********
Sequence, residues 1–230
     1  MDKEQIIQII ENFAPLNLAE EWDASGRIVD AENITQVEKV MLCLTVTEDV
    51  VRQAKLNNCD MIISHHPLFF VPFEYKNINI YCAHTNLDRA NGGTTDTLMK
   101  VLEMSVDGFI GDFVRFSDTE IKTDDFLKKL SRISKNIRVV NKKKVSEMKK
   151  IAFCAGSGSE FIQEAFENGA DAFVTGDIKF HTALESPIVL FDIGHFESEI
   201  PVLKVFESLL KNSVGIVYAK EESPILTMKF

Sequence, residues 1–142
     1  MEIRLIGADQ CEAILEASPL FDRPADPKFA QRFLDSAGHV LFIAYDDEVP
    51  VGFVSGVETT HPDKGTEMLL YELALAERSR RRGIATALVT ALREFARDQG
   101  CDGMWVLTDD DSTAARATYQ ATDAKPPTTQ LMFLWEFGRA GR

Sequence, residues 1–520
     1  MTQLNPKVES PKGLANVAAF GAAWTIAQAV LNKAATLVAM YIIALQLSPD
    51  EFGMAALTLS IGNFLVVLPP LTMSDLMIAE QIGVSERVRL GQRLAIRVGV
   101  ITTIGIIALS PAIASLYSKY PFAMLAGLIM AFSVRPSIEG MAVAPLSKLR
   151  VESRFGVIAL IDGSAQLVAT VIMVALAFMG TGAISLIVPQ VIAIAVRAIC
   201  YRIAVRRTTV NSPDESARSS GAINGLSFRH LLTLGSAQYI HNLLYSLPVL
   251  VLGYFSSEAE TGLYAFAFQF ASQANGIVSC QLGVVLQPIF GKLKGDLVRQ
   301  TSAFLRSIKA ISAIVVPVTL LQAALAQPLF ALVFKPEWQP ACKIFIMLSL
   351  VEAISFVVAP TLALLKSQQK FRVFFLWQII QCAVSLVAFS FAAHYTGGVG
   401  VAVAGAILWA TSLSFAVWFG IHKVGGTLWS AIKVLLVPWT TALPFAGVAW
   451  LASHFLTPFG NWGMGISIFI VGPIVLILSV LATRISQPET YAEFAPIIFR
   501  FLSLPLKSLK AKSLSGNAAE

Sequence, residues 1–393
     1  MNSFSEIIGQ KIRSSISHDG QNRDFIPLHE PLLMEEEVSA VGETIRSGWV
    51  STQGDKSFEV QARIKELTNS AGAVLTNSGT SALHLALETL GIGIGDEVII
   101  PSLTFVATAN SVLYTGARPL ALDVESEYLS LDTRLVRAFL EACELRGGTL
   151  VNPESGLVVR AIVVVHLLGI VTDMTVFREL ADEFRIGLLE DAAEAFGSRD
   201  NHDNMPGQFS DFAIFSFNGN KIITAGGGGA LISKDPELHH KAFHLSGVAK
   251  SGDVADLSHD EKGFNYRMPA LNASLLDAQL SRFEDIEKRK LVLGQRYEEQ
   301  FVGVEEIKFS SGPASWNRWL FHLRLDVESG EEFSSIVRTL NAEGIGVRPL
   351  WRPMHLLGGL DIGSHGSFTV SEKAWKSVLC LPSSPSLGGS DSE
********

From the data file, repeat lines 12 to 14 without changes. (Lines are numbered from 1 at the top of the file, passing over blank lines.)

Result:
     1  MTQLNPKVES PKGLANVAAF GAAWTIAQAV LNKAATLVAM YIIALQLSPD
    51  EFGMAALTLS IGNFLVVLPP LTMSDLMIAE QIGVSERVRL GQRLAIRVGV
   101  ITTIGIIALS PAIASLYSKY PFAMLAGLIM AFSVRPSIEG MAVAPLSKLR